As major combat operations against the Islamic State terror group wind down, both Iraqi and coalition forces must shift their work to rooting out sleeper cells, providing humanitarian aid and training forces for different missions, a top State Department official and a British general focused on defeating ISIS said recently.
Retired Army Lt. Gen. Terry Wolff now serves as the deputy special presidential envoy for the Global Coalition to Counter ISIL, or ISIS. Wolff recently spoke with members of the Association of the United States Army about where the fight against ISIS stands.
British Brig. Gen. Frazer Lawrence, deputy commanding general for the Combined Joint Forces Land Component Command, spoke recently with Military Times about gains against the terrorist organization and what remains to be done as forces adjust their mission.
Wolff painted a picture of a nearly fully liberated Iraq, with 89 percent of ISIS territory retaken by Iraqi-led forces in Iraq. In Syria, coalition forces have regained 87 percent of territories, as of the most recent data.
And on Dec. 9, Iraqi Prime Minister Haider al-Abadi declared victory in the more than three year fight against ISIS in a national address aired on Iraqi state television. The announcement came as Iraqi forces retook the last ISIS strongholds in Iraq’s western deserts earlier that day and secured the country’s border with Syria.
But those regained territories have come at a cost over the past three years.
“This sort of damage we haven’t seen since Korea or World War II,” Wolff said.
And ISIS fighters took advantage of the time they controlled those areas, leaving devastation in their wake and serious problems for those who retook the land — mines.
Despite the liberation of Mosul and Raqqa and the pending defeat of ISIS in Iraq and Syria, there are no near-term plans for U.S. troops to begin drawing down forces in the region.
“[ISIS] produced IEDs and mines at an industrial scale,” Wolff said. “It’s going to take decades to get these things removed.”
But with 91 refugee camps in Iraq and others in Syria, there are people waiting to return home as areas are declared safe in parts of Mosul and other population centers, Wolff said.
The focus is now shifting more and more toward humanitarian aid, such as reestablishing services, he said.
For the military arm of the fight, some areas in the north remain under ISIS control, but all the major population centers — accounting for 4.5 million Iraqis and more than 50,000 square kilometers of territory — are back in control of the Iraqi forces, Lawrence said.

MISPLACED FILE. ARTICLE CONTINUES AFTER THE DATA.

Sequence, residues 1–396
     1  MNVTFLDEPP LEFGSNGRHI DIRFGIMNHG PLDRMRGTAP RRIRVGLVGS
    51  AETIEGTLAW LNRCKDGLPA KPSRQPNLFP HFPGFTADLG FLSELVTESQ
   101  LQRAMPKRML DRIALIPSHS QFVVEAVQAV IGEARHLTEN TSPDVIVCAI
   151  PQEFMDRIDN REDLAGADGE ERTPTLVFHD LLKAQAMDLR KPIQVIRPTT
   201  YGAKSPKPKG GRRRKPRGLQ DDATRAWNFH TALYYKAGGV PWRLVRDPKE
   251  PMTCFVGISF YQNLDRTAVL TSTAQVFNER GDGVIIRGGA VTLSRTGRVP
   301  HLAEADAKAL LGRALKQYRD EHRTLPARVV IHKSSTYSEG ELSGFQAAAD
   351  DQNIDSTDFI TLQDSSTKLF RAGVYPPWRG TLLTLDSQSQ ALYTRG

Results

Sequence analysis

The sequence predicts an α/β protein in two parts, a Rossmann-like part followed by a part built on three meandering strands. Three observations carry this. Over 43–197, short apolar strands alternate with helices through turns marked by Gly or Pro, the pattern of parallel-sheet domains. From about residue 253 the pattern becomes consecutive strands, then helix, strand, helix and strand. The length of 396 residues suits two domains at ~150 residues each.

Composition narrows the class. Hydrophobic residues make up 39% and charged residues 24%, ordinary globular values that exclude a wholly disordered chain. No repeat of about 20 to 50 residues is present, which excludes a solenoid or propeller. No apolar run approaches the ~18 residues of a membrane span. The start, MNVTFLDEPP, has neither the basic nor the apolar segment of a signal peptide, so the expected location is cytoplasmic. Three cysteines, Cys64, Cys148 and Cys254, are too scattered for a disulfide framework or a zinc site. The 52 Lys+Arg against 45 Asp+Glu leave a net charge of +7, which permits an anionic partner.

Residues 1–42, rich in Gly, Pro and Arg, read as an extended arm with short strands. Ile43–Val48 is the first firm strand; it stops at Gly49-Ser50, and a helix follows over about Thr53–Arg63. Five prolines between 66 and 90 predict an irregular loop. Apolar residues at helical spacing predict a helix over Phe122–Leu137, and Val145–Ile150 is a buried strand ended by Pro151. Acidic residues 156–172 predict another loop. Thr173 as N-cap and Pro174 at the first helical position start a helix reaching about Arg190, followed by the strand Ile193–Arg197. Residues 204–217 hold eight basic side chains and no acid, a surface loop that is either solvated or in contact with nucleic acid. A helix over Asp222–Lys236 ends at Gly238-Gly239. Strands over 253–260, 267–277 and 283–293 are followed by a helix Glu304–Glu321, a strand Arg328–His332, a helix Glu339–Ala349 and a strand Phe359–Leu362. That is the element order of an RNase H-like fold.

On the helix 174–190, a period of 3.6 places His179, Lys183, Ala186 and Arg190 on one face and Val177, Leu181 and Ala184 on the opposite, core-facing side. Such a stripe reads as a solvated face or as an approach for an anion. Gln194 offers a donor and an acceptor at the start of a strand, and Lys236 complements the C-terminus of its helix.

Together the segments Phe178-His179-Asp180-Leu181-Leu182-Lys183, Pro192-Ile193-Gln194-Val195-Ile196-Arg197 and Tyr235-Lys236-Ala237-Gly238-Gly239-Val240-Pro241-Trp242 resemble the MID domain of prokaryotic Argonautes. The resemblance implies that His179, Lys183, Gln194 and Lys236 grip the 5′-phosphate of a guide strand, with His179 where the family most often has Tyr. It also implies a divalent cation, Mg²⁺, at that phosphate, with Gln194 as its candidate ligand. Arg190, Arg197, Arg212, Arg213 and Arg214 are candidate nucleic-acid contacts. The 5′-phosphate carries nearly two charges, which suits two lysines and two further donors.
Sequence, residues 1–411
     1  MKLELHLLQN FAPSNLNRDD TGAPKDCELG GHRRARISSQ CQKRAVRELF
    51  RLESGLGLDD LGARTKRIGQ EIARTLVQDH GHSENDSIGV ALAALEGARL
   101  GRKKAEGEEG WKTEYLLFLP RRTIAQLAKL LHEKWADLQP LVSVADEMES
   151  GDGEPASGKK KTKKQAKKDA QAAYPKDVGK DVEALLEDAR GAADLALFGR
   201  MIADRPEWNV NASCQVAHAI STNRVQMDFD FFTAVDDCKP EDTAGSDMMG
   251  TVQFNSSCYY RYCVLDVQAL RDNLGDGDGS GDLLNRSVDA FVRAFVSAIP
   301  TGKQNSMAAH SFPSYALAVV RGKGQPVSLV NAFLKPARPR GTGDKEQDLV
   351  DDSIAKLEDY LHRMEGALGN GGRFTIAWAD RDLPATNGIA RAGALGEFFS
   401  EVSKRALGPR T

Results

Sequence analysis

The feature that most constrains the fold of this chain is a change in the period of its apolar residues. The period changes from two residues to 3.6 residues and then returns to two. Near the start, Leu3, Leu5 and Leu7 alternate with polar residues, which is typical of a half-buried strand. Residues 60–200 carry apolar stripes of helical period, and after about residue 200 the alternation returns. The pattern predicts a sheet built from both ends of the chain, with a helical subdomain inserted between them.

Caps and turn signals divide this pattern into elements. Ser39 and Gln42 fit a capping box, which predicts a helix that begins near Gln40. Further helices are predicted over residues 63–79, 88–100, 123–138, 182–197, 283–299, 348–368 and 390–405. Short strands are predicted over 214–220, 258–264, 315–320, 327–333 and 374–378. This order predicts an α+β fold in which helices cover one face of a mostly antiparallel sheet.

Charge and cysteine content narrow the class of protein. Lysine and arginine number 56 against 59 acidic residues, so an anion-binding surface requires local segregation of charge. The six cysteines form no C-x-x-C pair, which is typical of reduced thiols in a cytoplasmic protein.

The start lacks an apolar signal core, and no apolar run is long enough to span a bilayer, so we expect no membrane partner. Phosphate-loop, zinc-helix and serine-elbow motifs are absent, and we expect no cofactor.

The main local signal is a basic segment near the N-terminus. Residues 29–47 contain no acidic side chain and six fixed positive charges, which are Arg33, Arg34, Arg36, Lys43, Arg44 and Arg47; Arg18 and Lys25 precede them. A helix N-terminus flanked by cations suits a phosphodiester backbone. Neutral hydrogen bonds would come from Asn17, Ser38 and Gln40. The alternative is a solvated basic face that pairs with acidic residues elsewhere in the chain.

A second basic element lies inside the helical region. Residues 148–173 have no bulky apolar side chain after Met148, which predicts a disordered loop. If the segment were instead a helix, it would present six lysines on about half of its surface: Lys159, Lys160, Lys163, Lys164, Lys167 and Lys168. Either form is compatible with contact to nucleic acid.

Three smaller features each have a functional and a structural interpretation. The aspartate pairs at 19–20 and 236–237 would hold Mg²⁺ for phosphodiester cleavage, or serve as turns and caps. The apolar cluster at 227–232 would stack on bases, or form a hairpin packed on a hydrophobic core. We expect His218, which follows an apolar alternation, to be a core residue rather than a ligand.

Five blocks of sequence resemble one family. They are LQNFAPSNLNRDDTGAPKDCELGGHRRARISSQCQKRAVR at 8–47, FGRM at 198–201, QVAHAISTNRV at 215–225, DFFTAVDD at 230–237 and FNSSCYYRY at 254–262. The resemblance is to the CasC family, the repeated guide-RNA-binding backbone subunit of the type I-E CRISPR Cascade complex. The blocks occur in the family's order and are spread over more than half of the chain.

As direct-action forces, including an Iraqi division, finish that work in the north, other units are now working to root out “ISIS sleeper cells” that have hidden within the population following the end of major combat operations in territories such as Anbar Province, Lawrence said.
At the same time, coalition forces look to re-evaluate their footprint and move resources from supporting direct action to building professionalism among the Iraqi ranks.
The main role of coalition forces in battlefield operations is to establish security in liberated areas as the Iraqis continue the fight elsewhere, he said. At this stage, the units are in a “consolidation of gains” phase.
“So, over time you’re likely to see an increased focus on training and less focus on enablers to support Iraqis in the decisive action fight,” Lawrence said. “You’ll see a shift in training, and that shift has started.”
With decades of operational experience, Lawrence declined to specify whether there were enough coalition forces to support all the work, from demining to direct action to retraining and security, saying only that prioritizing forces is always a challenge.
“We aren’t in the lead, we are assisting them,” Lawrence said. He called the current position a “constant mentoring” approach.
“This allows them to develop … [which is] a real key part of allowing them to provide long-term stability,” he said.
Earlier concerns following the battle for Mosul that as many as 40 percent of Iraqi Special Operations Forces had been lost or reduced due to battlefield casualties hasn’t hurt recruiting, Lawrence said.
“They are recognized as national heroes,” he said. “They have no recruiting challenges whatsoever.”